One theory on why fewer women partners in law firms

So I stumbled across this article the other day, Being a Stay-at-Home Parent Is a Luxury … for Your Spouse.  I swear, I am really not trying to wade into any of the mommy wars.  But the article made me think about my previous experience at a law firm.

Of the male partners I knew, many had

To caveat, I’m speaking purely anecdotally about my own experiences, but I think some of this likely rings true in other places.  Also, please prepare yourself for some guesstimation. Ok, moving on to the part where I really try not to offend the interets.  [UPDATE:  this is also not a comprehensive theory on why fewer women partners.  This is more like one possible contributing factor.  If I had it all figured out, I could hire myself as a law firm fixin’ consultant and clean house.]

My firm had over 400 attorneys in its DC office.  At the associate level, the ranks are pretty evenly split between men and women.  For partners, however, less than half are women.  Maybe around 1/4?  1/3?  Like I said, I’m guesstimating, but–as at most firms–fewer women partners.

Of the male partners I knew, many had stay-at-home spouses.  Of the women partners, one did.

Law firm life can be very flexible, but it is certainly demanding.  It really helps not to have to worry about leaving at a certain time to pick up the kids or rescheduling a conference call to take someone to the doctor’s.  As the author notes, having someone at home certainly makes travel and staying late easier.  And you can be more productive when you can outsource all those nagging tasks like remembering to buy more band-aids, picking up a present for the birthday party on Saturday, and waiting for the internet repair peeps to show up.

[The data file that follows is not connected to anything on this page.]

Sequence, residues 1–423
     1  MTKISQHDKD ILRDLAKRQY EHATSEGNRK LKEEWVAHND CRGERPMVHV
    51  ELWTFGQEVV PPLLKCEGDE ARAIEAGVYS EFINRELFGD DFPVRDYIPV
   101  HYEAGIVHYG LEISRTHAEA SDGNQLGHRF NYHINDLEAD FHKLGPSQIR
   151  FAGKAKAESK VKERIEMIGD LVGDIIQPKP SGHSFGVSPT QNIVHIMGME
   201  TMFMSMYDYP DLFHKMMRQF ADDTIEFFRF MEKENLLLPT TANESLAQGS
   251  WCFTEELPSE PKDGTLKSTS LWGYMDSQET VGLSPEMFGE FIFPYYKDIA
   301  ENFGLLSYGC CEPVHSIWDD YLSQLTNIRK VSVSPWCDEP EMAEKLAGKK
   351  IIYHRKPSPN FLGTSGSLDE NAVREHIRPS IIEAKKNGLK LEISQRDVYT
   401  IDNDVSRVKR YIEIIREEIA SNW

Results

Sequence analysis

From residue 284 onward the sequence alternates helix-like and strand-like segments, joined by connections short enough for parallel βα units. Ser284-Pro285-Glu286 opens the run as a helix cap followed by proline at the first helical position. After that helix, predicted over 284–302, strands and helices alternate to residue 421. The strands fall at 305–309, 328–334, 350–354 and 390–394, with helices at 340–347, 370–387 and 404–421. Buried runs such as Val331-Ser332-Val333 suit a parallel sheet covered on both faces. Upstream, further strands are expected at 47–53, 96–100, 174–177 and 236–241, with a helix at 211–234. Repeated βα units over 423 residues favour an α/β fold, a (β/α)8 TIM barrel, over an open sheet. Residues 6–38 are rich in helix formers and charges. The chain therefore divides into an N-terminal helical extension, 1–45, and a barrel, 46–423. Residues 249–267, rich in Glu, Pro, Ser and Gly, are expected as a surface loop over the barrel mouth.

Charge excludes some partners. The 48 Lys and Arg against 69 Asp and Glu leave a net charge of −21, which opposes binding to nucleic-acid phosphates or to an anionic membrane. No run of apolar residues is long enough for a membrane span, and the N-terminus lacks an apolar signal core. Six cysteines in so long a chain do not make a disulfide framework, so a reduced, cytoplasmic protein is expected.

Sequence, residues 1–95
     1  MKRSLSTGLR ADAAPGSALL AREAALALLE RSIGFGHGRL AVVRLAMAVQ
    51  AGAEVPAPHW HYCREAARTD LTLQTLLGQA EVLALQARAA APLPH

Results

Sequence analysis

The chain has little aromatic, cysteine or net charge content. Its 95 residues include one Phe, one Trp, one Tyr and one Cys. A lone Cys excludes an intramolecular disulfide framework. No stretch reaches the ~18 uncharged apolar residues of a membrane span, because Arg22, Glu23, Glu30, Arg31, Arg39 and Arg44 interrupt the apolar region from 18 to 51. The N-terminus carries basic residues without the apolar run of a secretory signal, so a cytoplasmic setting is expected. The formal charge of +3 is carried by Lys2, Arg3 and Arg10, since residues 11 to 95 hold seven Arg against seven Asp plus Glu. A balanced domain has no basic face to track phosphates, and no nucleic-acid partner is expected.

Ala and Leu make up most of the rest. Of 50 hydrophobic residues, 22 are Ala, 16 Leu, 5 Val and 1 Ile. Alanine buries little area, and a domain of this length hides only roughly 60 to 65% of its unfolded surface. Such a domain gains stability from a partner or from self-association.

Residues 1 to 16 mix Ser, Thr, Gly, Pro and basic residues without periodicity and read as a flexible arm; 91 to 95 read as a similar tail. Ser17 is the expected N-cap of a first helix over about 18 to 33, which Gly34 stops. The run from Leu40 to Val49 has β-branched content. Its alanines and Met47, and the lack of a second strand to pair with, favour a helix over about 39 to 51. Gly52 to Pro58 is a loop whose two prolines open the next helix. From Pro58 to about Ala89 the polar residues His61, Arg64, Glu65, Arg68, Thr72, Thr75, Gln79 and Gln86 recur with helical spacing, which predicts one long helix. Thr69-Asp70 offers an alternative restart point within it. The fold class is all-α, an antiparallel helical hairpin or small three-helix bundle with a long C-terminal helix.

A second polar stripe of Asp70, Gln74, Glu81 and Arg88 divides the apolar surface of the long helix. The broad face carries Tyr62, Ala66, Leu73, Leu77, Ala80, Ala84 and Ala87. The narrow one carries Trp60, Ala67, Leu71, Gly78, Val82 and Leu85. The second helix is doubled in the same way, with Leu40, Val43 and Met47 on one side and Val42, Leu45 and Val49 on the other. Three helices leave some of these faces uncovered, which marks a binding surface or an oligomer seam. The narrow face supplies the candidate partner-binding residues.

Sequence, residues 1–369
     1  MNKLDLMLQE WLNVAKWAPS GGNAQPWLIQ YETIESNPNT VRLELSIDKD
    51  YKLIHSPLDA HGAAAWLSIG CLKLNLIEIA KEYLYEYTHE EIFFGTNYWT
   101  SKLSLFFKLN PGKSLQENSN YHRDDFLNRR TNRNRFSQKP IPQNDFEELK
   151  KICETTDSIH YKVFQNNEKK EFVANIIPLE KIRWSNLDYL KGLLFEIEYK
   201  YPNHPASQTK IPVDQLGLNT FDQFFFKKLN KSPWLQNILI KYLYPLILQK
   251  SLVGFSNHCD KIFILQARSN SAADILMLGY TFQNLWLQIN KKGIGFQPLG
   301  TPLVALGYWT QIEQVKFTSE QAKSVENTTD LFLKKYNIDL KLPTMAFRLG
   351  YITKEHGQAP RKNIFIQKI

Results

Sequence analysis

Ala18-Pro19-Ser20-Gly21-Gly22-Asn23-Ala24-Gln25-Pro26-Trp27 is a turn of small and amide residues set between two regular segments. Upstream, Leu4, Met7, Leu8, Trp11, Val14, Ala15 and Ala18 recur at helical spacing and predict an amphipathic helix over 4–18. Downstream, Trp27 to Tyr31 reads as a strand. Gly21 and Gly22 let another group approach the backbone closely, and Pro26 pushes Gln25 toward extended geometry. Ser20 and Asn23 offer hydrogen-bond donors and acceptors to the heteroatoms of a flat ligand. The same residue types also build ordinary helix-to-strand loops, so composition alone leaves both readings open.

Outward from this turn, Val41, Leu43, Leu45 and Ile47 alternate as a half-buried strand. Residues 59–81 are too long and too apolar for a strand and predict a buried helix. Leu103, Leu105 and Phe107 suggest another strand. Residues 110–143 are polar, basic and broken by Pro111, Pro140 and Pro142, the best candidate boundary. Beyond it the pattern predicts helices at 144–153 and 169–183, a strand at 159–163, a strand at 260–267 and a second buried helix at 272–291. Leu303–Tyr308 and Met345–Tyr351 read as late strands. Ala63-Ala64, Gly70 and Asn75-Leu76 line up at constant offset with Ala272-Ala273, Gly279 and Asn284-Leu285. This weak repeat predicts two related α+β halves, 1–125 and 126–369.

It is possible to have these benefits with a working spouse, but you have to hire help.  Which means finding good help and then managing someone.  It’s not impossible, but it adds layers.  Many lawyers with big careers are drawn to coupling with other people with big careers which can mean less wiggle room and time to manage people.

In sum, my generalization is that, in my experience, more male partners than female partners had situations where they had less to manage on the domestic front.  Law firms reward those who can fully commit to the office.  Having someone else do things at home makes that commitment easier.  Now again–I am not trying to anger you, oh internet–I’m in no way saying any of these things are better than any others.  This is just my observation on the way it played out at the firm.

Hope about you, hopefully unangered reader?  Would you benefit from a stay-at-home spouse?  Have you noticed any differences for those with a stay-at-home spouse?


2 thoughts on “One theory on why fewer women partners in law firms

  1. maggie says:

    I’m not angered. But I definitely get the claim that it’s easier to have a stay at home spouse. With no kids, you might think I wouldn’t complain, but the truth is that I depend quite a bit on Jeff’s more flexible schedule.

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